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Cambridgeshire police chair raises concern over police funding settlement

Cambridgeshire Police Federation chair Liz Groom fears the provisional police funding settlement for 2022/23 is not enough to meet the demands of modern policing.
police child
Cambridgeshire police have made 14 arrests on suspicion of child cruelty this year

Home Secretary Priti Patel has published details of the provisional settlement, with policing receiving an extra £1.1 billion next year. It represents a 7% increase on last year’s figures.

The money Cambridgeshire Police receives from the Government will rise from £155.8 million in 2020/21 to £165m in 2021/22 and then to £173.7m in 2022/23.

Liz said: “While we welcome the Government’s commitment to increase funding for policing in Cambridgeshire, it won’t be enough to meet the growing demands placed on our members.

“We’re facing emerging and complex crimes, such as cyber-crime, human trafficking and fraud, as well as more traditional crimes and our day-to-day policing duties as well.

“Add into the mix the policing the pandemic and it’s a heavy burden our members are being expected to meet and we need the proper funding and resources to do that.

“Policing has taken a huge hit during austerity. As well as cuts in the number of officers, we’ve seen the infrastructure that supports them decimated.

“So while we welcome the Government’s drive to recruit more officers, it won’t take us back to pre-austerity levels and it won’t bring back the stations and offices that have been shut.

“Our members will continue on the frontline, putting themselves in harm’s way and working tirelessly for our communities, but it feels that without the adequate funding and resources, they’ll be doing it with one hand tied behind their backs.”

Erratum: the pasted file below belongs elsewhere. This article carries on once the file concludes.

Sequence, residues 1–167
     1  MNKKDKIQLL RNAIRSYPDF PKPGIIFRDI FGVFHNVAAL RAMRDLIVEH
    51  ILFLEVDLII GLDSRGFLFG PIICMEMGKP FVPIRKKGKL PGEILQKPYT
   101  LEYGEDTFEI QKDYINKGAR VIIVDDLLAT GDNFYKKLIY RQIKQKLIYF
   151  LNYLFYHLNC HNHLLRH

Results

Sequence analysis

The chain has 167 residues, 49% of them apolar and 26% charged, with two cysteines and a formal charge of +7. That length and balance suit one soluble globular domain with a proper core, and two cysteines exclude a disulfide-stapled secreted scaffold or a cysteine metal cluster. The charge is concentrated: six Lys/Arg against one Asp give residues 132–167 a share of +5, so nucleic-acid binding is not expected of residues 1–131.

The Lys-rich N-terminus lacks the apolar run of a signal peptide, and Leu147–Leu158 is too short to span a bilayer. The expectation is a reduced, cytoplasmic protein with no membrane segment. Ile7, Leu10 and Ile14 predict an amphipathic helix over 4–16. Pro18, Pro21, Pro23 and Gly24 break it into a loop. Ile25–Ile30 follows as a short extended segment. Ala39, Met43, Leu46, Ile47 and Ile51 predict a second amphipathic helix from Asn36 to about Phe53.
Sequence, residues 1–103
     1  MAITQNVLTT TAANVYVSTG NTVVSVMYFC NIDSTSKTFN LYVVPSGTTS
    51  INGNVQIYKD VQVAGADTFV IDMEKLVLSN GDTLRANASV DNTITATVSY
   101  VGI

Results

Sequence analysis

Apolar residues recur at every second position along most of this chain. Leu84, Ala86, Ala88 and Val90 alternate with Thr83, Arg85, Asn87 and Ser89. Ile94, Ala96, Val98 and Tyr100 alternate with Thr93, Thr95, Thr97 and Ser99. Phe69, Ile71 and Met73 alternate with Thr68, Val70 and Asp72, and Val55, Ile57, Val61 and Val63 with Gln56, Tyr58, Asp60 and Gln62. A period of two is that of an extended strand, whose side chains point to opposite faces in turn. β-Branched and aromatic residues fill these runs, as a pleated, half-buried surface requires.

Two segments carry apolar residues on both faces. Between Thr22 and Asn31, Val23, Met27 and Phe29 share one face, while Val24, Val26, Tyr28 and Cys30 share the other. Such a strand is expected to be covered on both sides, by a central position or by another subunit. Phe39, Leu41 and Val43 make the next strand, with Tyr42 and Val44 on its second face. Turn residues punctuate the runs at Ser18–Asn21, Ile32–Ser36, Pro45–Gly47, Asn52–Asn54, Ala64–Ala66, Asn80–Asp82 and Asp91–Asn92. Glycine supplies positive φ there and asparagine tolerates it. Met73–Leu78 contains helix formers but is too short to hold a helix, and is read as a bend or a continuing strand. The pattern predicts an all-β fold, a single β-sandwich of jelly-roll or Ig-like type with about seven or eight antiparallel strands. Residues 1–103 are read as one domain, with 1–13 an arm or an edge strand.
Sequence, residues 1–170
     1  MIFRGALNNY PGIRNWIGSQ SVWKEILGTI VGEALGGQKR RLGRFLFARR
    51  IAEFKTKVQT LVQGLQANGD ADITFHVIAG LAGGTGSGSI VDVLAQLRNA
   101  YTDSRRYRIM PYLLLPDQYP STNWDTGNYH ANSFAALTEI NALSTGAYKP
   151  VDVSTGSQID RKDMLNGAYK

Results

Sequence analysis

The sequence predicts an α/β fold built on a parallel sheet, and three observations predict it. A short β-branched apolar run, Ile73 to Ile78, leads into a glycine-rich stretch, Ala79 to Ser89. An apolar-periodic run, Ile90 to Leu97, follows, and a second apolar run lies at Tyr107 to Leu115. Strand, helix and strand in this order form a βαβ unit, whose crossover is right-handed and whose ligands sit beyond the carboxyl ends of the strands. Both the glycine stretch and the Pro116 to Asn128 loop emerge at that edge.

Ms Patel said that the additional £1.1 billion will help support the delivery of the Beating Crime Plan, which set out the Government’s mission to deliver fewer victims, safer neighbourhoods, and a more secure country.

In particular, the plan focuses on driving down homicide, serious violence and neighbourhood crime – to ensure that everyone can benefit from the security that a safe home, street and country provides.

She said: “Crimes including theft, burglary and knife crime are down, we’ve got an additional 11,053 police officers on our streets, and we’ve shut down 1,500 drugs lines which exploit the young and the vulnerable.

“But we must go further and faster to make our communities even safer, so today I am giving our excellent police forces and law enforcement agencies more funding to do just that, in line with our Beating Crime Plan.

“Reducing crime is a top priority for this Government and I will continue working with police leaders to ensure this unprecedented investment results in less crime and fewer victims.”